As architects, designers and lovers of beautiful buildings prepare to celebrate the very first World Art Deco Day on April 28th Crittall Windows is pleased to mark its contribution to some of the UK’s most iconic examples of this eclectic style.
Russell Ager, Managing Director of Crittall Windows, says:
“Our windows have helped to define some of this country’s best loved heritage buildings and are synonymous with the Art Deco period of the 1920s and 30s.”
Not only do the company’s slender steel frames feature in many of the surviving original structures but Crittall has also been called upon to supply like-for-like replacements where restoration projects seek to retain the appearance while upgrading to meet modern day thermal and acoustic performance requirements.
Art Deco landmarks such as the Hoover Building and Battersea Power Station were designed with Crittall windows. In other projects such as Gateshead’s Baltic Flour Mill, steel framed fenestration was added when the building was saved and sensitively re-designed as a major arts centre. Battersea Power Station was built with steel windows punctuating the brick clad elevations of the boiler houses, turbine halls and control rooms. The redeveloped site features Crittall windows in the first new-build bar and restaurant in the locality where MW40 windows and doors were specified precisely to reflect the area’s industrial heritage.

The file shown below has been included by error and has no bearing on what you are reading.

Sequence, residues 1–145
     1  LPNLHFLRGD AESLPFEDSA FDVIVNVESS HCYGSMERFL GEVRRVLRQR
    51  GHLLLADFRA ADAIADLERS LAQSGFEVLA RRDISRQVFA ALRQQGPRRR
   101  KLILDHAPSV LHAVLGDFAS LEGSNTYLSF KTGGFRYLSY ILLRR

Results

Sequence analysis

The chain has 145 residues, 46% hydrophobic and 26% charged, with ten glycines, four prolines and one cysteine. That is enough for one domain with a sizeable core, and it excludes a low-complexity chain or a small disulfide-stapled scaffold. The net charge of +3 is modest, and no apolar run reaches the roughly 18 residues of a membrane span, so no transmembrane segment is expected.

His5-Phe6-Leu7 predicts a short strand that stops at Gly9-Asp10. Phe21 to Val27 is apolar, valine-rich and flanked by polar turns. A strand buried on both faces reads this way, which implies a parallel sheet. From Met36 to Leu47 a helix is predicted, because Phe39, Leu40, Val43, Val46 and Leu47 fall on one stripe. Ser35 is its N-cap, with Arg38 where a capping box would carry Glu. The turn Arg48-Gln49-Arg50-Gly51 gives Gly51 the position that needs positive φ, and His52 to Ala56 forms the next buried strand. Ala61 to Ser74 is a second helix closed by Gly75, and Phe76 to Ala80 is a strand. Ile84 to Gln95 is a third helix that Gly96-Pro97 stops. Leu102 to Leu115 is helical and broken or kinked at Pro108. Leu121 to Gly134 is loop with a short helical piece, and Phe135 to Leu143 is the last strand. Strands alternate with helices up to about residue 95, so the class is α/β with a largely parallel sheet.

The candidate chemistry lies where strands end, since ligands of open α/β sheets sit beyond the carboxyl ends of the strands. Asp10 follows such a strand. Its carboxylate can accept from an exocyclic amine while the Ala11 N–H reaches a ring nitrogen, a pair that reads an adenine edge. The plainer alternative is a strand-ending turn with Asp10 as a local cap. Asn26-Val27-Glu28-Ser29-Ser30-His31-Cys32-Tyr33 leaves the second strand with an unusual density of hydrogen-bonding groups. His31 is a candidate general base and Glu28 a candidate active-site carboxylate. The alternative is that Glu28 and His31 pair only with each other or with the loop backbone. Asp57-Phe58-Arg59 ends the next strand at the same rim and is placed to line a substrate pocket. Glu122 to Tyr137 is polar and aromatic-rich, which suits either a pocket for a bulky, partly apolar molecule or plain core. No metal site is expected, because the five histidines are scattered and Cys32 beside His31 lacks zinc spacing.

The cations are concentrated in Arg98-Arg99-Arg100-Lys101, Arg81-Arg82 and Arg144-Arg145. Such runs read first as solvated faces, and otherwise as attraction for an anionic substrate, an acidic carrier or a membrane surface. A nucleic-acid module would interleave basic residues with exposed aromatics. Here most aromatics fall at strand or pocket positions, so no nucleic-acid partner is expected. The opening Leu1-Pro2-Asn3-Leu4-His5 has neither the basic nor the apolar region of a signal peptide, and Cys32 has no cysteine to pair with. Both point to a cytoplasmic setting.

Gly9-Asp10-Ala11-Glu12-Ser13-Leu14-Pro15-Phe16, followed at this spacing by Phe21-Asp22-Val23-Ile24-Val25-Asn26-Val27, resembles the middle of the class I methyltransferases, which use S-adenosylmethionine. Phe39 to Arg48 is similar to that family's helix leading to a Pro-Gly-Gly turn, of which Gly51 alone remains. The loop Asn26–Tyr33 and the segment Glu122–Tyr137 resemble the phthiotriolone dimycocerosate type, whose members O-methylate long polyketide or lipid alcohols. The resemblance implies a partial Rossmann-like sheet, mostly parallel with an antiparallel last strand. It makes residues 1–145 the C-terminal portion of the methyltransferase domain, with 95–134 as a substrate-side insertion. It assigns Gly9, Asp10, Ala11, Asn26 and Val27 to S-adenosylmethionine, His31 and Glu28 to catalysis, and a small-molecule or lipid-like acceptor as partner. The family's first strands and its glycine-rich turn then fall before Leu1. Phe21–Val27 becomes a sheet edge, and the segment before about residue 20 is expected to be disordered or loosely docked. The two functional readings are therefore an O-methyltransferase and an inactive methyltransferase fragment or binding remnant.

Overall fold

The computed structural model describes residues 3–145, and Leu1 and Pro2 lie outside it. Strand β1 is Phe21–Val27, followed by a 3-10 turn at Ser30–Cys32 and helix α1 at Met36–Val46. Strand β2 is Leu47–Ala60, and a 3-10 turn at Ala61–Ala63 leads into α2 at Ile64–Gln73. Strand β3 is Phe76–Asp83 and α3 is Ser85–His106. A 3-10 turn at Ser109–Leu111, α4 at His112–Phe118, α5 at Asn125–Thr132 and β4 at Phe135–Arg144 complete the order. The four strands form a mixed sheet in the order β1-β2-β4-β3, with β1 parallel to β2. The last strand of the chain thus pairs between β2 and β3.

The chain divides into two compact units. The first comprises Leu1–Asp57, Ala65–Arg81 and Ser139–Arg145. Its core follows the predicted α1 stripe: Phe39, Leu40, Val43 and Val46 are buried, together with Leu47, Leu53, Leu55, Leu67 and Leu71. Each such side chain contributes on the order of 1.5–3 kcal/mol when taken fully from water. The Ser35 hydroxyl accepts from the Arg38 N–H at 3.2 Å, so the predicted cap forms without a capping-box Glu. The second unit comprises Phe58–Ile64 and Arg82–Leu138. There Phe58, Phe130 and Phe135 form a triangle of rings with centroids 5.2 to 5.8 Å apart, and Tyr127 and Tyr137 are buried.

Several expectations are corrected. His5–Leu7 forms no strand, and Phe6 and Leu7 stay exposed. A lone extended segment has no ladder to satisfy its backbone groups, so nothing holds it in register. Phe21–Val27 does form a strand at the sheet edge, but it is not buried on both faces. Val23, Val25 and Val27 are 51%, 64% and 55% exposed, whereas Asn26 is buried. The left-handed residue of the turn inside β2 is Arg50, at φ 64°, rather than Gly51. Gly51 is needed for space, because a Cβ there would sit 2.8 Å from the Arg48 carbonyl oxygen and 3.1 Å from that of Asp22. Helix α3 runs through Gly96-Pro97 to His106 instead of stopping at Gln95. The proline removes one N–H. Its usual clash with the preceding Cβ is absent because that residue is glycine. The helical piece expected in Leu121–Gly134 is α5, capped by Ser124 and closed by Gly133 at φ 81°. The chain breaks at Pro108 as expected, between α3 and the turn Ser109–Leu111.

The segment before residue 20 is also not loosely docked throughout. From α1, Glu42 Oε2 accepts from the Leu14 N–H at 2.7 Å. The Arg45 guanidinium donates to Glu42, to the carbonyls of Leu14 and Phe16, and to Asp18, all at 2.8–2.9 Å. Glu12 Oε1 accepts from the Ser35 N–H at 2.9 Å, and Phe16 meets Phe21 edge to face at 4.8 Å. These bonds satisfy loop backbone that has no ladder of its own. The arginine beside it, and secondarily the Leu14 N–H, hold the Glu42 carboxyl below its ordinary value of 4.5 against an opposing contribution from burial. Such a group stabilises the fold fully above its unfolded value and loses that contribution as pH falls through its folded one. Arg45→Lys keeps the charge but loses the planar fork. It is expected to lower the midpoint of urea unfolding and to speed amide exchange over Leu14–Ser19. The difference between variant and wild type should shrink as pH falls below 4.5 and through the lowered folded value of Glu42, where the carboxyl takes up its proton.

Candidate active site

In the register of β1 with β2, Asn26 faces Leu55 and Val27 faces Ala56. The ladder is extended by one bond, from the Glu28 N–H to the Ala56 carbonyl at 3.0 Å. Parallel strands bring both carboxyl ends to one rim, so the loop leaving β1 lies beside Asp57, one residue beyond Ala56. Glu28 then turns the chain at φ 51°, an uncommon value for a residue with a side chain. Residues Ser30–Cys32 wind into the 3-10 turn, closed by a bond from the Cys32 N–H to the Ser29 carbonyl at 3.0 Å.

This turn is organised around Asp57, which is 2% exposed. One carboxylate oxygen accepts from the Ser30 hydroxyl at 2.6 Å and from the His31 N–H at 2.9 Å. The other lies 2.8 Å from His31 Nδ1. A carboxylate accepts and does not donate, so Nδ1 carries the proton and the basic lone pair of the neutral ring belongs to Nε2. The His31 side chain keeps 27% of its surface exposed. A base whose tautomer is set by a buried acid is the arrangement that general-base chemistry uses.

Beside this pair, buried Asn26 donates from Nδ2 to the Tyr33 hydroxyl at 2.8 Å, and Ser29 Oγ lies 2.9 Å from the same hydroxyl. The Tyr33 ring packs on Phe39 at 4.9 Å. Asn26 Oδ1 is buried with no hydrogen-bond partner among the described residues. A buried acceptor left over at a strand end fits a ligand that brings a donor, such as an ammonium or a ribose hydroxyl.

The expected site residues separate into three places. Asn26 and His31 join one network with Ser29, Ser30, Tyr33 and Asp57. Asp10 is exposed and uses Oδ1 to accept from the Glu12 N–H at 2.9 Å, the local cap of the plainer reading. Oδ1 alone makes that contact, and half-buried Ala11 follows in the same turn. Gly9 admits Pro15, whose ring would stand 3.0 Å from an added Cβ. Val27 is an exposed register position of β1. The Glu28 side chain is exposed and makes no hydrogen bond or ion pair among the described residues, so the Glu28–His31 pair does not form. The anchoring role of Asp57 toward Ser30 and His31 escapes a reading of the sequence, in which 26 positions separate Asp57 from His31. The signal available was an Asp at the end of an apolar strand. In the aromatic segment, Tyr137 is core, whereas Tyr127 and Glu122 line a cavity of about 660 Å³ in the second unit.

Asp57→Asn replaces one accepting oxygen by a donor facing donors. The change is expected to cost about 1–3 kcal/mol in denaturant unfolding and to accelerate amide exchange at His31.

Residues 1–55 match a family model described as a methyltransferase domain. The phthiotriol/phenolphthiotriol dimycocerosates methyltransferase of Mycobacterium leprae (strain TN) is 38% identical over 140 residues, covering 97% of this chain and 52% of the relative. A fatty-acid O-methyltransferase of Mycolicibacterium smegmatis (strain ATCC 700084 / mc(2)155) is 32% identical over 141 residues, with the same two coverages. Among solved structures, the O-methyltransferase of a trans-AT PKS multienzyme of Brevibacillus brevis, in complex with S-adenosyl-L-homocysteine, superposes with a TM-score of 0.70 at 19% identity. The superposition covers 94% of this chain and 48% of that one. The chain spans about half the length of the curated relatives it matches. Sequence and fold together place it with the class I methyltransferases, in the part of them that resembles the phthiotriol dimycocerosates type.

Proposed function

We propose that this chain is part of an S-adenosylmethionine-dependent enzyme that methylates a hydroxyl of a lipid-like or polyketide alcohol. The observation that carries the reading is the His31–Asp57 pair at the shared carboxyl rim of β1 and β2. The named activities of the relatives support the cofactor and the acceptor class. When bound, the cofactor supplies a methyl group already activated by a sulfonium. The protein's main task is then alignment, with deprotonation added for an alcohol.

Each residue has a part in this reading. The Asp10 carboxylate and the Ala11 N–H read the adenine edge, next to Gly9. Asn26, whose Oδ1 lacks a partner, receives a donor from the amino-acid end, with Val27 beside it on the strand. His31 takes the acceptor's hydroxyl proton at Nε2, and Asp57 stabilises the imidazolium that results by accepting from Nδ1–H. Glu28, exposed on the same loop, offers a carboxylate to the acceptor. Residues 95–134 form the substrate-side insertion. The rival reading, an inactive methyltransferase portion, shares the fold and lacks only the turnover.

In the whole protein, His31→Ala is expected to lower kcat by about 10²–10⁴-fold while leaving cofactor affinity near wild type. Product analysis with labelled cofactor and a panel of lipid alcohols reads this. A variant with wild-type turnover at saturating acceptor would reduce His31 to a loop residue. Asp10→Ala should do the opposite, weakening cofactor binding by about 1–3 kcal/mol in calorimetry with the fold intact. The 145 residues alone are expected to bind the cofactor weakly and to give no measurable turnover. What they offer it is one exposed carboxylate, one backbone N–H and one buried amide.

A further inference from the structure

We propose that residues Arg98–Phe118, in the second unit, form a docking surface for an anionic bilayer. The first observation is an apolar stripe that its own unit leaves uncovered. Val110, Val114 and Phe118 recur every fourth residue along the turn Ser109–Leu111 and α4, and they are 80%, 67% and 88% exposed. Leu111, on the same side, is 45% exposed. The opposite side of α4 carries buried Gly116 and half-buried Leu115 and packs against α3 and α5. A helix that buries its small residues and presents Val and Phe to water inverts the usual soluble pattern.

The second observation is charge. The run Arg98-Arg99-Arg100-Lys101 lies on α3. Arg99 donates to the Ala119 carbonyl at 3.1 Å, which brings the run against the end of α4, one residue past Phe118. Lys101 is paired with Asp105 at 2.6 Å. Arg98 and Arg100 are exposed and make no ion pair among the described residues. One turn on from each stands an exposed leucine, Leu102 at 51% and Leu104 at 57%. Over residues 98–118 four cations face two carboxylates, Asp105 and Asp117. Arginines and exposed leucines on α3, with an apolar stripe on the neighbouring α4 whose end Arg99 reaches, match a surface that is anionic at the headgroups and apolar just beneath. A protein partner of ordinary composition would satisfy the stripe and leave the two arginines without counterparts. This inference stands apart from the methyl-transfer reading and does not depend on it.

New Crittall windows were added to the north and south elevations of the transformed Baltic Flour Mill that sits alongside the River Tyne at Gateshead. Blending with the traditional architecture the full height fenestration now floods with daylight what was previously an enclosed space.
Less well-known Art Deco gems include Pegasus House, Bristol. Built in 1936 to house the employees of the Bristol Aeroplane Company, it boasted 430 Crittall windows, all of which were replaced with their modern equivalent – the Corporate W20 system – when the building was saved from its dilapidated state in a restoration several years ago.
And two housing estates, one in Wilmslow, Cheshire, the other in Richmond, south London, provide examples of Streamline Moderne, an offshoot of the Art Deco movement. The Grade II listed Appleby Lodge in Wilmslow, designed in 1936, features characteristic cantilevered balconies and curved cornices. During a recent refurbishment the original single glazed Crittall windows were upgraded with a mix of Homelight Plus and Corporate W20 systems.
By contrast, Litchfield Court in Richmond features layers of long horizontal white painted balconies that give the buildings the appearance of an ocean liner, also characteristic of the Streamline Moderne style. Crittall replaced all its original windows throughout the estate, including a few inappropriate installations that had been added in intervening years, returning the blocks to their pristine, original appearance.